The second-in-command to Los Angeles District Attorney Steve Cooley Monday announced her campaign to succeed him. Jackie Lacey would become the first woman, and first African American to serve as the county’s top prosecutor.
Lacey's biography is compelling. She is a native Angeleno who attended Dorsey High School and was the first person in her family to go to college. She graduated from U.S.C. Law School.
Her father is a lot cleaner for the city; her mother’s a garment worker.
In a video announcing her candidacy, she emphasized her quarter-century prosecuting a wide variety of cases in the DA’s office.
“Including, most notably, the first race-based hate crime murder case in Los Angeles County," she said as she stood in a courtroom with an American flag in the background.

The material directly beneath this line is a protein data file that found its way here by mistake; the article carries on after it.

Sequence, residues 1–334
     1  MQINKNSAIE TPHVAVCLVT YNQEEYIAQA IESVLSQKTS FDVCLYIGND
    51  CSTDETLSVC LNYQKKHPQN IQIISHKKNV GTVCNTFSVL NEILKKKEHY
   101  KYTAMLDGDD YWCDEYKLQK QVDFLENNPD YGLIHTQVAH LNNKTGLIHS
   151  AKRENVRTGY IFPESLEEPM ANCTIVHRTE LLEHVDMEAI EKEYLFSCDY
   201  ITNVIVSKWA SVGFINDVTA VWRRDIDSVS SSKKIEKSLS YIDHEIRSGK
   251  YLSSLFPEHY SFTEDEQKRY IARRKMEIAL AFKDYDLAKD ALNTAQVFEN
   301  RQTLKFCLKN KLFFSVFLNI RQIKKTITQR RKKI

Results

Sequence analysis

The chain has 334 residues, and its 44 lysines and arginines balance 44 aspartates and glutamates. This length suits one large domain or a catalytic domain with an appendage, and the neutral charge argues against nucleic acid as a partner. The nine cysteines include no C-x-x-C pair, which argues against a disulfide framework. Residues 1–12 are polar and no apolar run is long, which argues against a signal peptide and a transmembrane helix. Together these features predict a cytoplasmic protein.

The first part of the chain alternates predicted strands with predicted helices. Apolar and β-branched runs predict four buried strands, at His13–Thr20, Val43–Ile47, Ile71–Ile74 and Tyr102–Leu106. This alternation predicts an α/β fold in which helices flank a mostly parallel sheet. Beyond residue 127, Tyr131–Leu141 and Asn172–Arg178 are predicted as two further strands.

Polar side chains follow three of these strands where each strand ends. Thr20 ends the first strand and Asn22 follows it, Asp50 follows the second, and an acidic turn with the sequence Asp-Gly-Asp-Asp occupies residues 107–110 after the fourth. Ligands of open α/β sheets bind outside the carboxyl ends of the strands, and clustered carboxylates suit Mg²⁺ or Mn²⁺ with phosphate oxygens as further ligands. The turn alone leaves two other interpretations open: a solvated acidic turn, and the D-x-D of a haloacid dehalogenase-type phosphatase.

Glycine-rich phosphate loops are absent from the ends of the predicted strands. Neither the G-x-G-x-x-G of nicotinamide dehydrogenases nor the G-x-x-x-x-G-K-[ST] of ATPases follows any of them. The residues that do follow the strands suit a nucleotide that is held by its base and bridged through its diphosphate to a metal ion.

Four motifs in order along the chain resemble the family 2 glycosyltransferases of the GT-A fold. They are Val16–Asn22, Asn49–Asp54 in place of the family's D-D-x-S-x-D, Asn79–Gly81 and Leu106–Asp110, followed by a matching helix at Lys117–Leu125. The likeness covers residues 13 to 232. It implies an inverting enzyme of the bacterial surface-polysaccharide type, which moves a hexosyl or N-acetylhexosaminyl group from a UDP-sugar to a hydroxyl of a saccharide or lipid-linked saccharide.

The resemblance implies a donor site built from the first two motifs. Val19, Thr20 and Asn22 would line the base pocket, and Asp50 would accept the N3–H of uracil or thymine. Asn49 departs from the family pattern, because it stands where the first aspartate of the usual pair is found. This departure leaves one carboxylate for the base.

Lacey has headed almost every significant division in the office, including hard core gangs and major narcotics.
“Under my leadership, the district attorneys office will continue to decrease violent crime by vigorously prosecuting violent criminals," she said.
She also promised to spend increased resources on cyber-crime, if elected, and expressed her support of prison diversion programs like the woman's re-entry court.
“I believe these courts will play an important role in reducing crime through these tough budgetary times.”
Lacey's big advantage in next year’s D.A.’s race is the backing of incumbent Steve Cooley, who’s retiring. Her toughest opponent may be L.A. City Attorney Carmen Trutanich, who has formed an exploratory committee and is expected to run.
Other candidates include Deputy District Attorney’s Alan Jackson, Mario Trujillo, Steve Ipsen, Bobbi Grace and Danette Myers – the last two of whom are also African American.